Once again, our local hero and arguably Qatar’s best bus driver a.k.a. “Bus man” effortlessly brought us to our first destination of the day, the Sidra Hospital. The newly opened research facility is a relatively small part of the total project, meaning that the vast majority of the hospital is not operational yet. Upon arrival, we were very warmly received by some of the hospital staff. Chief Medical Officer, Dr John Ferguson, and Chief of Staff, Mr. Dominic Harris, were responsible for explaining into great detail what the hospital will be capable of in the future. Some of the key challenges they currently face are issues relating to obesity and related illnesses. The number of people that already suffer from these associated illnesses is already considered dangerously high compared to the world average and is projected to grow to truly alarming heights in the near future. Consequently, many of the strategic health objectives are being adjusted to accommodate the future health needs of Qatar’s citizens. The goal of the Sidra Hospital is to educate the people about the implications of an unhealthy lifestyle, thus transitioning from a reactive healthcare system to a proactive one. Dr John Ferguson also proudly mentioned that the Sidra Hospital will be the first (almost) all-digital academic medical centre which will set new standards in patient care for women and children and will ultimately serve as a medical hub for the GCC area.
Dr Deepak Kaura, chief radiology and entrepreneur in healthcare management, gave us an insight on how Sidra is reshaping the healthcare environment, by introducing innovation creativity into their processes and daily routines. The Sidra Hospital has implemented a unique platform for all its workers that empowers them to voice their innovative ideas, often leading to practical and cost effective solutions. The paediatrics department also offers a range of high-tech machinery such as a 3D diagnostic imaging printer, used for training purposes amongst other things.
What surprised most of us, is the sheer amount of external support not only in terms of investments, but equally in terms of the shared vision to create a world class healthcare system for all of Qatar’s citizens. This is clearly in line with and driven by Qatar’s National Vision 2030.
After a short lunch break we headed straight to the training centre of Qatar Airways attached to Hamad International Airport. We were received by a Finnish and an American manager responsible for the corporate strategy. They provided us with facts and figures of the industry as well as the company itself. Hence, here we want point out the one we found most interesting. Firstly, the managers underlined that most of the airlines industry is explained through geography, technology, infrastructure and other external factors, such as events. Furthermore, the Hamad International Airport is one of the few five stars’ airports providing state of the art facilities making it possible to transit from one airplane into another within only thirty minutes.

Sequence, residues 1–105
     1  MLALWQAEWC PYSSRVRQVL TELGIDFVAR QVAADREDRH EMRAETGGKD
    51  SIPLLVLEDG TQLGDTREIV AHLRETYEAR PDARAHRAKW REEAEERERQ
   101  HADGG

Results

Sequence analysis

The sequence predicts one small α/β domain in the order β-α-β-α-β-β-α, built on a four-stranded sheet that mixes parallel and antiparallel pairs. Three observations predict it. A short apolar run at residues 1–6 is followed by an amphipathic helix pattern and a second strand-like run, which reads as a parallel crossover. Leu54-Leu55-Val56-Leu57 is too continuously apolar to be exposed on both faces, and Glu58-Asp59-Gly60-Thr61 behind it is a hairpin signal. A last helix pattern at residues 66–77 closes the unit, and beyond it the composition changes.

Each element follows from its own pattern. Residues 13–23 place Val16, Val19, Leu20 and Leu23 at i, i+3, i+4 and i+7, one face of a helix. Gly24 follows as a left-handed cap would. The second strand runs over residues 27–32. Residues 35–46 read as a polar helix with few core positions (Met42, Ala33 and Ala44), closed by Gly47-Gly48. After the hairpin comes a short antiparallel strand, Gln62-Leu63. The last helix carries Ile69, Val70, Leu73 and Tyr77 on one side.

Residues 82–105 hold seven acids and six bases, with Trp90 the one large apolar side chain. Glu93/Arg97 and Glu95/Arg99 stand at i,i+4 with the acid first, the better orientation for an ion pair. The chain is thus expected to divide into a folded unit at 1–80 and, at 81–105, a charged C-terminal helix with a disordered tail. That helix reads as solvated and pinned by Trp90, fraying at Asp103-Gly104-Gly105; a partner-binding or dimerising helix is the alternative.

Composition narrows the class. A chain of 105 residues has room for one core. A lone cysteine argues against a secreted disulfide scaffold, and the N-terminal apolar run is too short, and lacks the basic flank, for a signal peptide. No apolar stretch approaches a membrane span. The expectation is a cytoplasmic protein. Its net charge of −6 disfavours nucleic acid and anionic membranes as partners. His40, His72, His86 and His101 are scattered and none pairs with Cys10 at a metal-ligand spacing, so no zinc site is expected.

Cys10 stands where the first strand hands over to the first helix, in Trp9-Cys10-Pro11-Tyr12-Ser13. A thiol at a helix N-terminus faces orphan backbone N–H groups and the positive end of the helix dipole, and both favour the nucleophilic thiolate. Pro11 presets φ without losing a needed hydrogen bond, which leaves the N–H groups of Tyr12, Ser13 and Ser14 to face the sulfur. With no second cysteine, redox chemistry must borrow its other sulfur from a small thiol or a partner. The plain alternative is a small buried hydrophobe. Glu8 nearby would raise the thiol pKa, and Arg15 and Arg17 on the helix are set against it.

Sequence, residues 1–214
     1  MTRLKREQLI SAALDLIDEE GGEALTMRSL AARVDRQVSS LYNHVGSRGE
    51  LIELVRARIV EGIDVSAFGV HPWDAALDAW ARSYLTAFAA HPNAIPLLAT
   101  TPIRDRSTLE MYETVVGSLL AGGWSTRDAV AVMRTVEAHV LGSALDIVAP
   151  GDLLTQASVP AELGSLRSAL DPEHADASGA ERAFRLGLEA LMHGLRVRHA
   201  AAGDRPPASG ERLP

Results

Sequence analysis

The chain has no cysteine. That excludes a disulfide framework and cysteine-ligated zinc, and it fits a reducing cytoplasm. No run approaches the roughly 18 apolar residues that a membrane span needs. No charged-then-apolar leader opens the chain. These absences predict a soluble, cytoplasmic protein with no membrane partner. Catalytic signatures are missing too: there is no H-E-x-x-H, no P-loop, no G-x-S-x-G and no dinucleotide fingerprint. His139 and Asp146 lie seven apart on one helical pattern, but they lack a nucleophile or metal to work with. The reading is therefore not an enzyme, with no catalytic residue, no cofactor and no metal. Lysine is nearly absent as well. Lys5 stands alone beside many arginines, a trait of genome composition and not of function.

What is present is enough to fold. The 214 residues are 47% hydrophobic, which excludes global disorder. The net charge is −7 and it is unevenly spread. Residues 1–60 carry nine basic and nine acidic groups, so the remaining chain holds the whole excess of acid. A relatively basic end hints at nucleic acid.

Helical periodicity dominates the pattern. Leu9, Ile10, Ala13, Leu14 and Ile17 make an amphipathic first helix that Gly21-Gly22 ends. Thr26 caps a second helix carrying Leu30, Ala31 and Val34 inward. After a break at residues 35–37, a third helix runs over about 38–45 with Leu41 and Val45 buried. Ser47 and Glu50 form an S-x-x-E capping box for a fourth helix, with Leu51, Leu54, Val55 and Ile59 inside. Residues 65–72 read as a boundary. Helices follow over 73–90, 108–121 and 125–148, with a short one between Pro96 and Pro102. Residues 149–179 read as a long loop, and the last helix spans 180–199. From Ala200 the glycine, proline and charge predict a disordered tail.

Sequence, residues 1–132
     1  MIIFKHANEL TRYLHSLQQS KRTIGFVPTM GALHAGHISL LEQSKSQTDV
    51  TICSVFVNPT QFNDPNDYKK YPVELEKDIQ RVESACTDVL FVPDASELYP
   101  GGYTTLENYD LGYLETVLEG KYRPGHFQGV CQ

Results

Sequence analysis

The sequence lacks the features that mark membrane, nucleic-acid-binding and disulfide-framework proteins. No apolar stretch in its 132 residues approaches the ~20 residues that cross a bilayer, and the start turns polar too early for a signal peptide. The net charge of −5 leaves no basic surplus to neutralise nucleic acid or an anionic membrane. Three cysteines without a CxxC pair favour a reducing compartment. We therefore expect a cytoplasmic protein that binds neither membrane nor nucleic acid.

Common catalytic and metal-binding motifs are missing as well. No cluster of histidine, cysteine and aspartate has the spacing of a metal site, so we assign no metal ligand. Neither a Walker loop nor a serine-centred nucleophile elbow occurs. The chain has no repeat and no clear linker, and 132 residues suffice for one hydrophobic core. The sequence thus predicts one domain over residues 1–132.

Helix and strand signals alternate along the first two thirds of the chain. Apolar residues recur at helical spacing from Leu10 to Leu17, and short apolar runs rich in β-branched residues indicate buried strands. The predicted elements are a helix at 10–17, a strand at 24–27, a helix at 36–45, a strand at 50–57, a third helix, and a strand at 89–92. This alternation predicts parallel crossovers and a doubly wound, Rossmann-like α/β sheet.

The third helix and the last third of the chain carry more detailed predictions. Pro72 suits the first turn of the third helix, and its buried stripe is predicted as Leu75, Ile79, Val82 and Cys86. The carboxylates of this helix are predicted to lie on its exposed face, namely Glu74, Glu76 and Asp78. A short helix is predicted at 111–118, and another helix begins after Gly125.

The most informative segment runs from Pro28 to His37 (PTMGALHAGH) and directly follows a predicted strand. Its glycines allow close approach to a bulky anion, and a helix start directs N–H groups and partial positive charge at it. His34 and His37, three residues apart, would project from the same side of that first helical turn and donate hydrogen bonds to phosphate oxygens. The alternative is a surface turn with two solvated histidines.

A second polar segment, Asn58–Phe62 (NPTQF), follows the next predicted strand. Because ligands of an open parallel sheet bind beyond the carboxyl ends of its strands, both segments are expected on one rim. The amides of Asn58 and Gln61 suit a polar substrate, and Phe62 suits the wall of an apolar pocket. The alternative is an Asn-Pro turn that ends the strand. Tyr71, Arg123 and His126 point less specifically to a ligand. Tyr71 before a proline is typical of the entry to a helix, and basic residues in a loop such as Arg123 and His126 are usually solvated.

When it comes to the company itself, their pace of growth clearly stands out – in only 11 years they managed to increase from 41 to 192 aircrafts and are thus the fastest growing air company. Qatar Airlines is always investing in the latest technologies and new fleets. When purchasing new fleets the company faces the challenge of the internal design, meaning they need to decide how many business respectively economy seats they should offer and in which order. To put this in context, we want to highlight the immense costs that are faced in that industry. For example, a flight from Doha to London costs approximately 150’000 USD.
In order to manage a company in such a complex industry, a large number of well-qualified staff is needed. Thus, the company comprises a multicultural workforce with over 150 nationalities amounting to a total number of 24’000 staff members. In this regard, one of the managers stated that a fleet is not only a transport system but a plane full of opportunities that can only be met by working together.
The entire Qatar Airways Group consists of Qatar Airways as well as a Privilege Club, Qatar Duty Free, Qatar Aviation Services, Qatar Distribution Company and Qatar Cargo amongst others. This reflects the complexity and different aspects that need to be considered within the airline industry. Each member helps supporting the others through cross-financing. For instance, expensive cargo flights enable the group to provide cheaper commercial ticket fares. The Qatar Cargo is the third largest international cargo carrier in the world, only after the Emirates and Cathay Pacific. For example, one of their Boeing Aircrafts has a cargo capacity of 100’000kg, which can fit up to 11 cars or 75 horses each flight.
After soaking up all these interesting facts, we had to rush to our next visit. Luckily, we made it on time to our appointment with Thomas Wasshuber, Managing Director of the Swiss company Habegger, that we were all awaiting since meeting him earlier this week. Clearly, our expectations were exceeded and we had the chance to peak into a state-of-the-art information pavilion. We were highly impressed by futuristic exhibition of the FIFA coming up in 2022 and taking place in and around Doha.
Anna Lorena Orantes